Burt's Bees nowadays is far from the company founded 30 years ago by a former hippie but the first national TV advertising campaign for the personal-care megabrand now owned by Clorox Co. does try to invoke some of the charm of the simpler times when Burt Shavitz came up with his original lip balm.

Besides being able to harness the resources of a CPG giant, and diversifying into a wide variety of personal-care products, the biggest change for Burt's Bees under Clorox has been the proliferation of lip-balm flavors in recent years. And in a culture where flavor proliferation has become a huge and growing trend in categories ranging from soft drinks to Greek-style yogurts, and where the lip balm category has been revitalized by the eos (Evolution of Smooth) brand and its Millennial-favored pod-like line of lip balm flavors, the move makes sense.

So its new Uncap Flavor campaign, coming on the heels of the brand's 30th "Beeday" (celebrated everywhere but France, we're guessing) depicts two bees flying while holding either end of the Burt's Bees signature yellow cylindrical container. It's the original, peppermint-flavored balm that was introduced in 1984. And as it falls, its cap pops off and a parachute of mint opens.Continue reading...

branded content

Benefit Plumps Up Content Push to Connect With Wing Women Everywhere

Posted by Tori Miner on September 3, 2014 12:24 PM

Benefit Cosmetics certainly lives by the culminating line of its "Benefesto"—Laughter is the best cosmetic. From product naming (personal favorites include “Dr. Feelgood” complexion balm and “Stay don’t stray” eyeshadow primer) to pop-up experiences (such as Gabbi’s Head, a London pub just for women wanting to watch the World Cup), the full brand experience is fun, flirty and reflects a tongue-in-cheek tone crafted to keep you laughing as you’re looking good.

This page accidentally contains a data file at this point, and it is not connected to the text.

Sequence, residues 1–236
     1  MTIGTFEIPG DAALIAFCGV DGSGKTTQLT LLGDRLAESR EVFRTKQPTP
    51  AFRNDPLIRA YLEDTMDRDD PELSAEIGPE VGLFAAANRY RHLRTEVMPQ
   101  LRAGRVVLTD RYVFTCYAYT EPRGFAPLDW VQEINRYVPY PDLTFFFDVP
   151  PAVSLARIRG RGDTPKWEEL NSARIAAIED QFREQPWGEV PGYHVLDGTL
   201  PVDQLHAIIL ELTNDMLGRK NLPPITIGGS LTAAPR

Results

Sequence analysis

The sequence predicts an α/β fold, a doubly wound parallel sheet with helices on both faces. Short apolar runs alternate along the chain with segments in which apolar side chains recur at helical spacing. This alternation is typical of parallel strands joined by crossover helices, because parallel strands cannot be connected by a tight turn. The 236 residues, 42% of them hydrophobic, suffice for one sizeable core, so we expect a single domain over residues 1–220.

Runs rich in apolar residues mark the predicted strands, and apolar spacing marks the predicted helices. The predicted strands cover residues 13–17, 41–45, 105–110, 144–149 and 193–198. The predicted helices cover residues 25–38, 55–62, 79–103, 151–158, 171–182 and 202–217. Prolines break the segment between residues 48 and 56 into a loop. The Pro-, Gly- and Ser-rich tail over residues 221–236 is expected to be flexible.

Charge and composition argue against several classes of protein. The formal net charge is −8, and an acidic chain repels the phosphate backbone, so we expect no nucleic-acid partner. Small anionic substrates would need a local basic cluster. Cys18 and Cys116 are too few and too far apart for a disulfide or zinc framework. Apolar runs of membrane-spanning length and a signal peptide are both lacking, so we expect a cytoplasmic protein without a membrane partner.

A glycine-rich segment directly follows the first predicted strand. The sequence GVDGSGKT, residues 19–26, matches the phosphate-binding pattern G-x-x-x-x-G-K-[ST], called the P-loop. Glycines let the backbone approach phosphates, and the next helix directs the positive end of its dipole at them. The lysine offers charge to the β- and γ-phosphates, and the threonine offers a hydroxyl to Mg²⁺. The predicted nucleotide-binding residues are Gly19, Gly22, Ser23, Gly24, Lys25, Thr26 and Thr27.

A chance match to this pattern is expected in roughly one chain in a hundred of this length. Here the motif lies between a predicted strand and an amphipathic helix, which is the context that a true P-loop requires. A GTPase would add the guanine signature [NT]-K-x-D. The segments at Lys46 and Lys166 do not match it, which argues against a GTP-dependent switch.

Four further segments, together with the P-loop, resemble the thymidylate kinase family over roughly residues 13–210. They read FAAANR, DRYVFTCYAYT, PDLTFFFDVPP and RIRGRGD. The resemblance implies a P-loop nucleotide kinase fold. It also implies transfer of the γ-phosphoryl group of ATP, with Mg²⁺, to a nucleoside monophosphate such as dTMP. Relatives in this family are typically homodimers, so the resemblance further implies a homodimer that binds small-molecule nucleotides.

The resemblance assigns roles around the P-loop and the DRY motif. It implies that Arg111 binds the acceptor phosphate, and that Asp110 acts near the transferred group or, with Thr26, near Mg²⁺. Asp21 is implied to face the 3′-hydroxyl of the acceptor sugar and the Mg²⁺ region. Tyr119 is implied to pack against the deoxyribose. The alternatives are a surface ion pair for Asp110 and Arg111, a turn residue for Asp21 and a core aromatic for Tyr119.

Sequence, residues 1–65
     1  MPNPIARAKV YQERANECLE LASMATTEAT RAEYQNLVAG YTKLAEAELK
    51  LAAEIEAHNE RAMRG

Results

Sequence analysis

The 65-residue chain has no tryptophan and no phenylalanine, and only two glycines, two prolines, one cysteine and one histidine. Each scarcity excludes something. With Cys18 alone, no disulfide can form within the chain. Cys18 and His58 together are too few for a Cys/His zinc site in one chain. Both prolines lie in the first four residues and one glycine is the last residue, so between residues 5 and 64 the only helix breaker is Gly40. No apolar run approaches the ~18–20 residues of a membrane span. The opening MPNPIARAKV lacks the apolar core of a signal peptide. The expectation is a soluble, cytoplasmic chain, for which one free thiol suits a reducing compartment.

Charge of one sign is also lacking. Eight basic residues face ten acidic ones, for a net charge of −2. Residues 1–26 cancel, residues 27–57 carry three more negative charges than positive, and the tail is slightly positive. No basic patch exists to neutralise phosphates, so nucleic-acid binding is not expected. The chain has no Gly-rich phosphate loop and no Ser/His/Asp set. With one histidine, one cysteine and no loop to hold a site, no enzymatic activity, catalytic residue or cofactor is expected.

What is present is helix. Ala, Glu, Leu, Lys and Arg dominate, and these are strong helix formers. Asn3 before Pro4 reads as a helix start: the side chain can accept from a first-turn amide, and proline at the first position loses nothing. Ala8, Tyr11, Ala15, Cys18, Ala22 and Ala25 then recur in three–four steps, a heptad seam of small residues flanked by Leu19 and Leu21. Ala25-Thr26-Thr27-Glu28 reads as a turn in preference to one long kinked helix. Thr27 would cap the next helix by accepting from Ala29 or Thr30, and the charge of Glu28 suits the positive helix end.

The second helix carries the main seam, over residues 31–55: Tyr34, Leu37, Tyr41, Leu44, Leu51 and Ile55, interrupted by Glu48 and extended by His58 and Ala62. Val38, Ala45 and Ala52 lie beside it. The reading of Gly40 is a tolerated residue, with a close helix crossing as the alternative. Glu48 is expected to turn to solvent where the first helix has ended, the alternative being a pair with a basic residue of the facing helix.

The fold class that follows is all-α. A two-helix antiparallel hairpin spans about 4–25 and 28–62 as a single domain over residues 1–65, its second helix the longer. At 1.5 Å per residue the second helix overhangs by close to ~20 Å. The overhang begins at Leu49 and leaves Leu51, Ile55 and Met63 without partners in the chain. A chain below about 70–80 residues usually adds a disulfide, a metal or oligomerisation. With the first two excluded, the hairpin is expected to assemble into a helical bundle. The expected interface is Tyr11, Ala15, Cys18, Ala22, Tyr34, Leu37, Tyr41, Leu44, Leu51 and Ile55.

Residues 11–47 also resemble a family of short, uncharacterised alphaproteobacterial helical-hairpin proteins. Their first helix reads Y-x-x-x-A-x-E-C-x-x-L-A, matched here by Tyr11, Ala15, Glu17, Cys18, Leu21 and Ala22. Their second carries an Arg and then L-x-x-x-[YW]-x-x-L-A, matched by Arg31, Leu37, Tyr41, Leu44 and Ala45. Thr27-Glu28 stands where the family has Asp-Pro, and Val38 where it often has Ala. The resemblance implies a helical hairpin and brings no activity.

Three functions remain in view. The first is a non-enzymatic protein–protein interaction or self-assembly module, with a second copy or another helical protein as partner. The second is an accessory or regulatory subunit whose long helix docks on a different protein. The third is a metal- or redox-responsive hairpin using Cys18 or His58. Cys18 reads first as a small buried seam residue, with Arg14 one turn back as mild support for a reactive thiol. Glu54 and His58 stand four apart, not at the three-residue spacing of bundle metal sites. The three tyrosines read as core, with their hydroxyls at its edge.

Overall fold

And when it comes to branded content, Benefit stays true to its core message while finding creative ways to connect with fans. Most recently, it released a music video parody of Montell Jordan’s ‘90s hit “This Is How We Do It” starring comedienne Anjelah Johnson in her MADtv-spawned character, Bon Qui Qui. Set in Las Vegas, the video oozes '90s nostalgia as it celebrates wing women getting glammed up for the ultimate ladies night.Continue reading...

tech in the spotlight

Can Facial-Mapping Take the Beauty Industry to a New Level?

Posted by Sheila Shayon on August 20, 2014 10:40 AM

The days of excruciating hours spent in a makeup chair to transform into a character like Mrs. Doubtfire or the Joker are waning, thanks to Nobumichi Asai’s Omote.

A mash-up of real-time facetracking and projection mapping, artists can layer malleable makeup on subjects that are moving. Asai has previously used projection mapping to apply CGI to cars and to buildings before taking on the human face.

Asai's iteration still has some kinks to work out, but the face-mapping technology behind the project is actually at work in several other branded products in the beauty industry that are currently on the market.Continue reading...

celebrity brandcasting

From Kim K to Karl Lagerfeld, Celebrities are Cashing In on Branded Products

Posted by Sheila Shayon on July 24, 2014 03:55 PM

It’s not enough to just be a superstar these days, with millions of adoring fans and multitudes of followers on social media. Instead, celebrities from all walks of life are turning their personal brands into actual businesses with products and services that you never knew you needed.  

Case in point: Kim Kardashian's blockbuster mobile game “Kim Kardashian: Hollywood.” The Sims-like game is sitting at No. 1 on the iTunes free app chart and reportedly brought in $200 million in the few months that it's been live. Kardashian, according to Forbes, will take home around $85 million of that thanks to her near 50 percent stake in the game. While the game "is ridiculous. It’s laughable. It grates on your nerves after awhile," the Washington Post reports, "it’s nearly impossible to look away.” 

Reflecting the Kardashian brand, now a multimillion-dollar empire, the app lets users achieve various levels of gameplay on their way to becoming an “A-list” celebrity with Kim as a guide. In-app purchases of Kim Coins drive revenue through the roof for the fairly simple app, which has a 5-star rating.Continue reading...